Tag Archives: American History

“I have the right not to vote.” (Women’s Suffrage: Mini Episode)



Suffrage poster: “We are ready to Work beside you/ Fight beside you and/ Die beside you – Let Us Vote Beside You/ Vote for Woman Suffrage November 6th,” 1917. Courtesy of the New York State Library.
Suffrage Poster, November 6, 1917
Image credit: New York State Library.

Topeka Feb 11, 1887

To Gov Martin

Dear Sir:

Ten thousand Women who have enough rights without voting and also plenty to do, to attend to their own affairs without meddling with men’s business, ask you to Veto this Suffrage bill.  We don’t want to vote, and go to the polls with n****rs — and all kinds of woman.

Mrs G. Monroe
and thousands of others

We’ve all heard of Susan B. Anthony and Frederick Douglass, but there were millions of women and men who spoke for, and against, women’s suffrage.  Today’s mini-episode shares a few of those voices.

Other podcasts about women’s suffrage:

History Chicks

Stuff You Missed in History Class

Credits for Primary Sources:

The letters of Effie B. Frostand Mrs. G. Monroe, as well as the Woman Suffrage Pamphlet by Rev. Stephen Estey, are read with permission from the Kanas State Historical Society.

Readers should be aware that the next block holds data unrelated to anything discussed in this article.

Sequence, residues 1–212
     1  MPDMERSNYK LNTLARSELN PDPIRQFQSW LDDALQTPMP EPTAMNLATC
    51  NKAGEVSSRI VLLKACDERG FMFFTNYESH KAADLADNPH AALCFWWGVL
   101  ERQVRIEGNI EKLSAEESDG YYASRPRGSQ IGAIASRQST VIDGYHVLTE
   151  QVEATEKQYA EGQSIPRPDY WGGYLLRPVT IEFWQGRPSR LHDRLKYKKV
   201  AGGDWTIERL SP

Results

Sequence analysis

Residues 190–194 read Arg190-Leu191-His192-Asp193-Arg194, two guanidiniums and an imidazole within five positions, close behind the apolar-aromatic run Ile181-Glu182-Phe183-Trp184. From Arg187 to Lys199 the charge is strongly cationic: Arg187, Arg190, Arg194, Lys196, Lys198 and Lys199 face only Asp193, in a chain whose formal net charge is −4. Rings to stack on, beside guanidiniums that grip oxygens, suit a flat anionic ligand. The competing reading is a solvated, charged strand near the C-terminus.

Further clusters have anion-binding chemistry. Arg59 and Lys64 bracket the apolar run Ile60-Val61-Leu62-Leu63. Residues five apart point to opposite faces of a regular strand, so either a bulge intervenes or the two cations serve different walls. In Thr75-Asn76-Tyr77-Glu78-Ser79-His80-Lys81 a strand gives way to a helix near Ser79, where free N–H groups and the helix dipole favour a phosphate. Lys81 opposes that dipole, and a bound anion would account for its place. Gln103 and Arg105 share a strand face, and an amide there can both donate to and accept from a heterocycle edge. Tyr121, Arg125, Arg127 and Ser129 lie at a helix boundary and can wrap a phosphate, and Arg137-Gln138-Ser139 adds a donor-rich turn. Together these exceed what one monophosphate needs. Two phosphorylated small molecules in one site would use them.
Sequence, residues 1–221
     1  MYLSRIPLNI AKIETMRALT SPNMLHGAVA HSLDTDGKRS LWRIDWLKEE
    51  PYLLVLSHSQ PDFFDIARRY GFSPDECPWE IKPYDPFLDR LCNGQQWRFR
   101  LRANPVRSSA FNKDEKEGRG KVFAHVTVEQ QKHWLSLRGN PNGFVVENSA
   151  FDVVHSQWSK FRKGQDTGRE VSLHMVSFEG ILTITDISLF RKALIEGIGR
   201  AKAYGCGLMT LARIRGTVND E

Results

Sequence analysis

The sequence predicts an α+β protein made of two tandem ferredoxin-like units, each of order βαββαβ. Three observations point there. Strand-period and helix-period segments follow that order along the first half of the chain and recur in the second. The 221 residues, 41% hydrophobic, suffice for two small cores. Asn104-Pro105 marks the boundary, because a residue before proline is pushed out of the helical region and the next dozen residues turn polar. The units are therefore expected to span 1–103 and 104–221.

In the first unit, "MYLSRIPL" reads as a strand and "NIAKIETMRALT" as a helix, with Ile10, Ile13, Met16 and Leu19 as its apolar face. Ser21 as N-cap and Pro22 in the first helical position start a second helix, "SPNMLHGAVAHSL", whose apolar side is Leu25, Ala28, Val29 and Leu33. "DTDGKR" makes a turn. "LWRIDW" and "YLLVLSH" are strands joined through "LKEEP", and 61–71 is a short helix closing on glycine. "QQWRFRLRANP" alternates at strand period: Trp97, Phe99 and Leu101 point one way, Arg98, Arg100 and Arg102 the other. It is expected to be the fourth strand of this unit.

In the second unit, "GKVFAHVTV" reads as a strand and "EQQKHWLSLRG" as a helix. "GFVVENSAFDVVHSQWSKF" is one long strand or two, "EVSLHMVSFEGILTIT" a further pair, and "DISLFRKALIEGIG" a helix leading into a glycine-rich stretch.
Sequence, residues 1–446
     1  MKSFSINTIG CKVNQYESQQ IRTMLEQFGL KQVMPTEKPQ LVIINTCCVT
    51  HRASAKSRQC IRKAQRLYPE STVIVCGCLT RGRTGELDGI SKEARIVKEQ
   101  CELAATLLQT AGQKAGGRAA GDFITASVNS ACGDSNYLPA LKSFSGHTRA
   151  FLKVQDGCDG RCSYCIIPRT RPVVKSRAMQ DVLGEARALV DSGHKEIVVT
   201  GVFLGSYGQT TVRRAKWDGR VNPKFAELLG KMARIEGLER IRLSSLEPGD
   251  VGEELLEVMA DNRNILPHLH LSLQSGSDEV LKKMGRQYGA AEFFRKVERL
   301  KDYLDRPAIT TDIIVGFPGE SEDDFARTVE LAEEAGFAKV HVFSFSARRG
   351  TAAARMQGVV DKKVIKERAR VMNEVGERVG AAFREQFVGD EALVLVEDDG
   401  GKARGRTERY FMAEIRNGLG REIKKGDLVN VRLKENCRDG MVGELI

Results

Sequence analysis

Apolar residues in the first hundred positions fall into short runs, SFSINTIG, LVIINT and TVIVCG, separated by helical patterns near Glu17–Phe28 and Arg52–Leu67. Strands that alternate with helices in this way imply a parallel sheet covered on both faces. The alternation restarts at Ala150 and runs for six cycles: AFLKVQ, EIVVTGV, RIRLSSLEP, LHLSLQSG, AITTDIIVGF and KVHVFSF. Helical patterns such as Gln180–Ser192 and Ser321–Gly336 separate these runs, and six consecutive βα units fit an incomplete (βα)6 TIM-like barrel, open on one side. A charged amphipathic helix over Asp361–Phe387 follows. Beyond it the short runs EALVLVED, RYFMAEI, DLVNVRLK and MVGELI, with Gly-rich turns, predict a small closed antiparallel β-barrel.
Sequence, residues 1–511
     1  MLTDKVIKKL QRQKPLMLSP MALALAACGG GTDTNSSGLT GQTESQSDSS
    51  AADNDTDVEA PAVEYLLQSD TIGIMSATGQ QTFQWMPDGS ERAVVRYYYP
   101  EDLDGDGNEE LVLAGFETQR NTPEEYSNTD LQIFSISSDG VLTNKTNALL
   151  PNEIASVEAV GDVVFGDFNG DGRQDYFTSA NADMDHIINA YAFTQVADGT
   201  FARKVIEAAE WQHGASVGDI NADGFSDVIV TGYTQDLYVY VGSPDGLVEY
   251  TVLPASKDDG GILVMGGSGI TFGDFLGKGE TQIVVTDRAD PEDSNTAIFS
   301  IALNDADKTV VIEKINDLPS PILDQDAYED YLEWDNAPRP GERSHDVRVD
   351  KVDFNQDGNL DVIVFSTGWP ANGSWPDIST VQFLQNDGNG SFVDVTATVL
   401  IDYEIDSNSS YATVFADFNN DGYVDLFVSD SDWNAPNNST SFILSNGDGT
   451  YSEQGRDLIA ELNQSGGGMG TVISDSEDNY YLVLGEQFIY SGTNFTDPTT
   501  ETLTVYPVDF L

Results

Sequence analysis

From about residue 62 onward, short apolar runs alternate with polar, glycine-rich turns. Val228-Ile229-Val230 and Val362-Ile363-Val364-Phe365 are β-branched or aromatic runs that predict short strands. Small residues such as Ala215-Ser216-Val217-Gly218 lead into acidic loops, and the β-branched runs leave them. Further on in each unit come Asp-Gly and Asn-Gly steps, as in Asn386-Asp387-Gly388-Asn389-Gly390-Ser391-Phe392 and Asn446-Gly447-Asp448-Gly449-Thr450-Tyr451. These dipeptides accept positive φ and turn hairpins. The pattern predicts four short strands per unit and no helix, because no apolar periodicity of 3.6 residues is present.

The petition by Mrs. Kate T. F. Cornell is in the public domain and available at docsteach.org.

Anti-Suffrage Essays by Massachusetts Women is in the public domain and available at gutenberg.org.

Sources:
The Frederick Douglass Encyclopedia, James L. Conyers Jr., Nancy J. Dawson, Lee E. Thompson, Mary Joan Thompson

“The Great Schism,” Ta-nehisi Coates for The Atlantic


“Our child cries for you.” (Loved Ones of Black Civil War Soldiers: Mini Episode)



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Provost Guard of the 107th Colored Infantry, Fort Corcoran, Washington, D.C., 1863
Image credit: pbs.org

Carlisle, PA
November 21, 1864

Mr Abraham Lincoln,  

I want to know, Sir, if you please, whether I can have my son released from the army.   He is all the support I have now.   His father is dead and his brother; that was all the help that I had …